Every year thousands of youth and high school athletes receive sports-related concussions. Concussions are among the most common and potentially among the most dangerous injuries high school and younger athletes receive. Recently concussions have been getting more attention from doctors and team trainers due to increased awareness, but more still needs to be done to protect young athletes. No sport is immune to concussions. They don't just occur in football and boxing, concussions are commonly seen in baseball, basketball, and soccer too. Increasing participation in youth and high school athletics has helped lower rates of childhood obesity, but has also increased the risk on injuries to these young athletes (Denke 1). Concussions in youth sports are a silent epidemic that is affecting thousands of athletes every year. .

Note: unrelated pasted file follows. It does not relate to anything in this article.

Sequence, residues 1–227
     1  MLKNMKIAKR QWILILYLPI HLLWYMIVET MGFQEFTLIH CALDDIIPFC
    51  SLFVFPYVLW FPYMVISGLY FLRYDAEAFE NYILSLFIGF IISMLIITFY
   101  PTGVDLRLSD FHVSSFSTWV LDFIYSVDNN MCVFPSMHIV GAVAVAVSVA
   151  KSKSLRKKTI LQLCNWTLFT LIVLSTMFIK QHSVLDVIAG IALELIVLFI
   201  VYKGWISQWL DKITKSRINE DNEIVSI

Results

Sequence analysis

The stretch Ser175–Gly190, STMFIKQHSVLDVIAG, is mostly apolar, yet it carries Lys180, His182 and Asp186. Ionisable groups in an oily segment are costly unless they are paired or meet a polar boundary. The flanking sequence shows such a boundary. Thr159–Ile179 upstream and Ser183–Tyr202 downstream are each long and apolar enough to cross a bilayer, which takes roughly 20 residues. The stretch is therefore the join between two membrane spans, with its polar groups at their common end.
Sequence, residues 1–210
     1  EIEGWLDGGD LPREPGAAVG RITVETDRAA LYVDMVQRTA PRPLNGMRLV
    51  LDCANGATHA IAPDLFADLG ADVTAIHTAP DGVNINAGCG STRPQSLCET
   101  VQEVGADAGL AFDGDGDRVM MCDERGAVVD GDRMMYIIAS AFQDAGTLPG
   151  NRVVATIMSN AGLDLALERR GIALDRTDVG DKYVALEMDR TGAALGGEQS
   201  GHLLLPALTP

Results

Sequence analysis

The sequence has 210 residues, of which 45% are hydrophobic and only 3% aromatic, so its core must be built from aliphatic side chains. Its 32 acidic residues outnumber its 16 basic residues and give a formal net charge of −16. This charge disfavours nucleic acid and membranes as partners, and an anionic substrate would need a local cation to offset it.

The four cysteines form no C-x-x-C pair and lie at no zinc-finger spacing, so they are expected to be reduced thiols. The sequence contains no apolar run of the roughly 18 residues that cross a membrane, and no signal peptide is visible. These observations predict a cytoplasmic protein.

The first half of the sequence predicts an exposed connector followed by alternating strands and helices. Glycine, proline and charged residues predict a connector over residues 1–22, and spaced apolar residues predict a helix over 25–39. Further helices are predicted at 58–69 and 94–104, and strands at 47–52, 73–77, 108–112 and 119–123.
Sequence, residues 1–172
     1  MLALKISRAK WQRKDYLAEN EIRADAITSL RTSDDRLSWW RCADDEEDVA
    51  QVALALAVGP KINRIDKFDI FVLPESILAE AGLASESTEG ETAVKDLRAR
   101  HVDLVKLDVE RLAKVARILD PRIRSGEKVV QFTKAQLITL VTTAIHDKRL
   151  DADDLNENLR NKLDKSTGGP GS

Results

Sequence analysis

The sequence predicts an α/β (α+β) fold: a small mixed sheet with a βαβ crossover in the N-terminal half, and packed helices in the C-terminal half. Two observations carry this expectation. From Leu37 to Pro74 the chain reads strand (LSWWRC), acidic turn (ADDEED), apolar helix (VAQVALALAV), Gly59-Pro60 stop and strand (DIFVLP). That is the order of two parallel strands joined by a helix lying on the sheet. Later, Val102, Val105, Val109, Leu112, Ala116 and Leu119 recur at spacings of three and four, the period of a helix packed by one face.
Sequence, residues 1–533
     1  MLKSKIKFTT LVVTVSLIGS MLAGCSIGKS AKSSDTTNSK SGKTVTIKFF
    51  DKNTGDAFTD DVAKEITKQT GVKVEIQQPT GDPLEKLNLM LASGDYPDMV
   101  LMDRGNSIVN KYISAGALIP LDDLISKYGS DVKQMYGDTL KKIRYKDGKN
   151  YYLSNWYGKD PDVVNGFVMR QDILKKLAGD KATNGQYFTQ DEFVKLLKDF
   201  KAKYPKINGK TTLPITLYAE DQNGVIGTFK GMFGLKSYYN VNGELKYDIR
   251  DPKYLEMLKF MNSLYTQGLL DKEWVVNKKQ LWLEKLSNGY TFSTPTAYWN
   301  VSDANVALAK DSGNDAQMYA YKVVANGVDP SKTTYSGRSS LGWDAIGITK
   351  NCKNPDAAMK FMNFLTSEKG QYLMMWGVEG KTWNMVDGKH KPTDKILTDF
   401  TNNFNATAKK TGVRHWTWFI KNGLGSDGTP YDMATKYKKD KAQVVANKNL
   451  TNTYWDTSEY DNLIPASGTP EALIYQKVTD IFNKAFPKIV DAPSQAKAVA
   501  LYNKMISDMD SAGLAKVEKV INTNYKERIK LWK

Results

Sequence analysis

"A concussion is a disturbance in the brain's function caused by a direct or indirect force to the head " (Washburn 5). Concussion damage is invisible, which makes it one of the hardest injuries to diagnose. CT and MRI's are primarily used to rule out skull fractures and bleeding in the brain. They can't detect "changes in cell chemistry in the brain caused by concussions " (Washburn 3). Symptoms of concussions are but aren't limited to: headache, balance problems/ dizziness, nausea, vision problems, confusion, drowsiness, difficulty concentrating/remembering, trouble falling asleep, and sensitivity to light (Washburn 5). Symptoms may worsen over the first 24-48 hours (Washburn 6). Many times, athletes are reluctant to tell others of their symptoms in fear out of letting their teammates down or losing their spot on the team (Denke 3). Athletes who suffered a concussion shouldn't return to playing their sport until completely symptom free (Washburn 3). Concussions are very dangerous to everyone because of the possibility of long term effects. Experts say that about 10%-12% of patients with concussions suffer long term symptoms.